When you commit to preparing homemade snacks for yourself or your family, choosing snacks with a long shelf life will allow you to make them in bulk, reducing the frequency with which you have to prepare them. Both the pantry and the freezer serve as long-term storage spots for your homemade goods.
Granola bars are a balanced and filling snack, combining carbohydrates and protein to satisfy you in between meals. Create your own by adding ingredients such as chopped nuts, dried fruit, spices, honey, seeds or even chocolate chips to rolled oats. Sweeten the mixture to taste with honey or agave, spread in a parchment-lined, flat pan and bake. Cut into bars and store in an airtight container for up to two weeks in your pantry, or up to two months in your freezer. Alternatively, individually vacuum-seal the bars to keep out additional moisture and preserve them for longer periods and make easy grab-and-go or lunchbox snacks.
Rolled up, dried fruit leather is a nutritious snack that is popular with both kids and adults. Puree fresh fruit, a small amount of sweetener, such as honey or sugar, and any desired spices. If the fruit is light in color, add a small amount of lemon juice to prevent browning. Spread the puree on a silicone-lined baking sheet and bake at a very low temperature for six to eight hours. Cool, transfer to parchment paper, and cut to the desired size. Because you remove so much of the moisture in the fruit when making the fruit leather, the snack keeps very well for up to two months in an airtight container, or longer if vacuum-sealed or stored in your freezer. Be careful to prevent moisture from being introduced to the leather, or it will shorten the shelf-life.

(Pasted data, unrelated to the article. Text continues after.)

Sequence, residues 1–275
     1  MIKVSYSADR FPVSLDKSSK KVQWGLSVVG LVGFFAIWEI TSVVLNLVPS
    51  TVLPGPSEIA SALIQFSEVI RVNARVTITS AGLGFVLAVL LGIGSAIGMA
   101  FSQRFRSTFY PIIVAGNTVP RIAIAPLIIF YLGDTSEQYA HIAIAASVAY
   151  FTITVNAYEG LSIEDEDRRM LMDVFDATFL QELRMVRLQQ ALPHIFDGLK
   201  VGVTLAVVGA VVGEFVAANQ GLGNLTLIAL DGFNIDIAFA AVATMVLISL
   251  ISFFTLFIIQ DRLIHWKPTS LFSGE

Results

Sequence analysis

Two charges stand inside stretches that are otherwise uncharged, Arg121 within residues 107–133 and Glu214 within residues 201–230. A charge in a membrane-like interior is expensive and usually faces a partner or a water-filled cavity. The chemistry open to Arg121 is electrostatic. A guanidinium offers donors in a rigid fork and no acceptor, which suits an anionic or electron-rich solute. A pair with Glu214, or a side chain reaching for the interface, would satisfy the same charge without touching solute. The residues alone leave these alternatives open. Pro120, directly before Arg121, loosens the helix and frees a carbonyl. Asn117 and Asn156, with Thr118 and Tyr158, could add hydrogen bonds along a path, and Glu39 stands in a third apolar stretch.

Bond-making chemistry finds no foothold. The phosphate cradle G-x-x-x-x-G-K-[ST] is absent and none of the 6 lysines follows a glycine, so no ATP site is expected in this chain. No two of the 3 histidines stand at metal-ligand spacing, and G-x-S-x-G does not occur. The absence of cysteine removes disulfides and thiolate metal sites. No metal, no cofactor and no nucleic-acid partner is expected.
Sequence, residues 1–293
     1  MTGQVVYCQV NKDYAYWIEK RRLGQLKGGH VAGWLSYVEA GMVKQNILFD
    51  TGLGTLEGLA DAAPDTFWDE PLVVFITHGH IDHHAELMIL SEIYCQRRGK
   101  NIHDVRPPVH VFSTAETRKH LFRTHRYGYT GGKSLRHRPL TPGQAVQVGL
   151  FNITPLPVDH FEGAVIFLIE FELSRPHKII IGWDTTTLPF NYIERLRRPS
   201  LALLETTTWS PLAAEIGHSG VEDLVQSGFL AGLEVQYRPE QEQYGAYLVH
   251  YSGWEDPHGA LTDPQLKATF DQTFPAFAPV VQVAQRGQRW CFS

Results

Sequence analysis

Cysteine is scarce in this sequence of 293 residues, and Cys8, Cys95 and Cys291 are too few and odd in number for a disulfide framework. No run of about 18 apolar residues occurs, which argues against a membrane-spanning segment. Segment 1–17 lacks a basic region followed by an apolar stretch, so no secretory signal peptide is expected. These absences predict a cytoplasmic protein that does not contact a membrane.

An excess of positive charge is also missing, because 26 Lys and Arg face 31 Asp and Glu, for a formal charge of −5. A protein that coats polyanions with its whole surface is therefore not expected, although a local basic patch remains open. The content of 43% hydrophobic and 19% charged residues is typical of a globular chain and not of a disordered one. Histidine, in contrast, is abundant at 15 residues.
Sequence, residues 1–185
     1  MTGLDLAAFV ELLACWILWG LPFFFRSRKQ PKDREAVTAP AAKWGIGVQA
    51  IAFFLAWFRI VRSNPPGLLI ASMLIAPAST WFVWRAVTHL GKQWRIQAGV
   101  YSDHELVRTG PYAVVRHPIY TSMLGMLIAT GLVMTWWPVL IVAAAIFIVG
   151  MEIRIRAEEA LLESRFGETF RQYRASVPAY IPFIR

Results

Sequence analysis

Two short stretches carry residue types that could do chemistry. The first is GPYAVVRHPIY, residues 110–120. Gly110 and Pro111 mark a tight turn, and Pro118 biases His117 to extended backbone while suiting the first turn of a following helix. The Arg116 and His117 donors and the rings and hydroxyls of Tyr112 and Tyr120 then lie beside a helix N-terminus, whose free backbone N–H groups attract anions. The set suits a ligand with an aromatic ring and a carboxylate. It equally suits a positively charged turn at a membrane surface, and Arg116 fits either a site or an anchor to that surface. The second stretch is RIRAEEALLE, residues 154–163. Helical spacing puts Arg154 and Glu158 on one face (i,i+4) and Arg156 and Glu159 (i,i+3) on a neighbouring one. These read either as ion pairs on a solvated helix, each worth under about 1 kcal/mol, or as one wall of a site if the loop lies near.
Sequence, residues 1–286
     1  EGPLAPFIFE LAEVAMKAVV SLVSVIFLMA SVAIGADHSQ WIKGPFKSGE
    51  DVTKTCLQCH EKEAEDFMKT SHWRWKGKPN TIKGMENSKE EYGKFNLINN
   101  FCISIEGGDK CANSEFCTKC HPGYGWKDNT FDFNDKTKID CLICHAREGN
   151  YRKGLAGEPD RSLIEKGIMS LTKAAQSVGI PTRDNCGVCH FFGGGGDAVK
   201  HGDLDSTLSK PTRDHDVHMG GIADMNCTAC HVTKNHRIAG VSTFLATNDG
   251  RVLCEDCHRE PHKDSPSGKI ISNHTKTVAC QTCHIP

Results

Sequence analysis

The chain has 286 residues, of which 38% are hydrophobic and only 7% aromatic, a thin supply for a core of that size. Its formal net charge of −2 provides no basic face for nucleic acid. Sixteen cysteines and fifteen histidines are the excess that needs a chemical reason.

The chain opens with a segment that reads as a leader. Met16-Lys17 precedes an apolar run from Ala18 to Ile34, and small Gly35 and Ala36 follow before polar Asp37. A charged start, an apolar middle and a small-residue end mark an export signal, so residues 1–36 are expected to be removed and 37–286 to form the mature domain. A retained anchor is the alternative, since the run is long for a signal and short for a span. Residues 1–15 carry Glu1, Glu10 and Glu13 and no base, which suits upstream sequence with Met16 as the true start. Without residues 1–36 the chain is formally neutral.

Nuts have a shelf-life of one to two years if properly stored. Rather than buying a simple nut mix, create your own mix and flavor it according to your tastes. Combine any variety of nuts, such as macadamias, pecans, almonds or cashews, and roast them with spices. Add in dried fruit for sweetness and additional nutrients, if you desire. Store the nuts in airtight containers or mason jars in your pantry for up to four months, refrigerator for up to one year, or freezer for up to two years.
These twice-baked cookies are light, crunchy, great with coffee, and can be made to be either sweet or savory. Add nuts, chocolate, dried fruit, coconut flakes or spices to a basic sweet biscotti dough. Reduce the sugar and add sun-dried tomatoes, curry powder, parmesan cheese or other savory items to create a more cracker-like flavor. Shape the dough into a flat log, bake, slice and bake again to create the dried-out texture of the cookies. Store the cookies in an airtight container in your pantry for up to a month, or in your freezer for up to two months.
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- Texas Agricultural Extension Service: Safe Home Food Storage
- Baking and Pastry: Mastering the Art and Craft; The Culinary Institute of America
- The Science of Good Cooking; America's Test Kitchen
- University of California Agricultural and Natural Resources: Nuts: Safe Methods for Consumers to Handle, Store, and Enjoy
- Classic Snacks Made from Scratch; Casey Barber
- The Homemade Pantry: 101 Foods You Can Stop Buying and Start Making; Alana Chernila
- Preserving Summer's Bounty: A Quick and Easy Guide to Freezing, Canning, and Preserving, and Drying What You Grow; Rodale Food Center
Kathryn Roberts has worked in the culinary industry for nearly a decade in various roles, including pastry chef and bakery manager. After studying at the Culinary Institute of America, she earned her BFA from Goddard College and is pursing an MFA in Writing from Vermont College of Fine Arts.
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